Mad Ants at Erie
Tipoff: 7 p.m. tonight
On the web: NBA.com/dleague
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The tally is up to 10 years and 15 countries for Will Frisby. That's a lot of basketball mileage.
Yet here he is, the first one on the court more than a half-hour before the start of Mad Ants practice, taking shot after shot, cutting, planting, rising up. His goal is to find an edge.
“I've got to outwork the younger guys,” Frisby said. “That'll always be a stamp on me now – I'm getting older. But what I lack in youth, I make up in strength and hard work.”
The grind is paying off. Frisby, 32, is in the midst of his best stretch of the season, statistically, coming off four games in which he has averaged 16 points and eight rebounds per game.
The Mad Ants play tonight at Erie, then Friday at Delaware. They're a half-game out of first in the NBA Development League East Division with 11 games left. The playoffs are around the corner.
And just as much as Frisby works, so does he champion high expectations.
“I'm expecting us to finish up the league in one of the top three positions,” he said. “I'm expecting to finish up the division in first. I call these things out because I believe in our organization, I believe in our team and I believe we have more than enough talent.”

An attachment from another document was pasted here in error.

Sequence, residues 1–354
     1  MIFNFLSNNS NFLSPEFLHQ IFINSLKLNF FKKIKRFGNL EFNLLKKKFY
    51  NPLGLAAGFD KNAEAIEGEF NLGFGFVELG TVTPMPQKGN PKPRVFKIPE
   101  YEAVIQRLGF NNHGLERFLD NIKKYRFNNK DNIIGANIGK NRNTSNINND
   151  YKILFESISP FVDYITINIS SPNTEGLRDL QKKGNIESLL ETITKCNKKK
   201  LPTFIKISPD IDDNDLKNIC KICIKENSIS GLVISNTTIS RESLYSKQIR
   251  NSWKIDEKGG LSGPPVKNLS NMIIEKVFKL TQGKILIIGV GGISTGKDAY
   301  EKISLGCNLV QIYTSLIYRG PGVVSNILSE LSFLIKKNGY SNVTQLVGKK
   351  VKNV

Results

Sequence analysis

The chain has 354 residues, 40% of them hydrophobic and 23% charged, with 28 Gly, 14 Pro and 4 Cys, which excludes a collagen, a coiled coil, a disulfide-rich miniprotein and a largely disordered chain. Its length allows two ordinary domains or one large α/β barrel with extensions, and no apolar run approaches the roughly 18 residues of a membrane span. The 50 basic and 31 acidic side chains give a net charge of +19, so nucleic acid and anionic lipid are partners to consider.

When the D-League gets to March and players begin to realize their chances of being called up to the NBA this year are dwindling, attitude is more than half the battle.
That's where veterans like Frisby come into play. He demonstrates professionalism and purpose.
“Will has always been one of our hardest workers and I think he's been even more focused over the last month,” Mad Ants coach Conner Henry said.
Frisby's intensity on maintaining and increasing playing time rose, Henry said, when the team acquired Brian Butch, who has since gone overseas, and again when it acquired Tim Ohlbrecht.
“I don't think Fris wants to lose his position,” Henry said. “Healthy competition is always good. Fris has worked really hard on his weight. He's down to a pretty good fighting weight this far into the season. He was dinged up early – twisted knee, bad elbow, bad tooth. Overall, I think he's clearer on what he has to do.”
Frisby played college ball at the University of Miami and has played overseas in a variety of countries, including Mexico, France, Germany, Italy and Portugal. His last season in Portugal, his team won a championship and he was named Most Valuable Player of the regular season and playoffs. He was also the league's leading scorer.
Scoring isn't his primary role with the Ants, even though that has picked up.
“Basketball is a team sport and that doesn't just mean the players on the court,” Frisby said. “It means coaches on the bench, players on the bench and the fans and including the media. It all plays a role in how that team is going to perform.
“When it all comes together collectively, you see something magical; you see a Cinderella championship team,” he said. “I feel this year in Fort Wayne we have that.”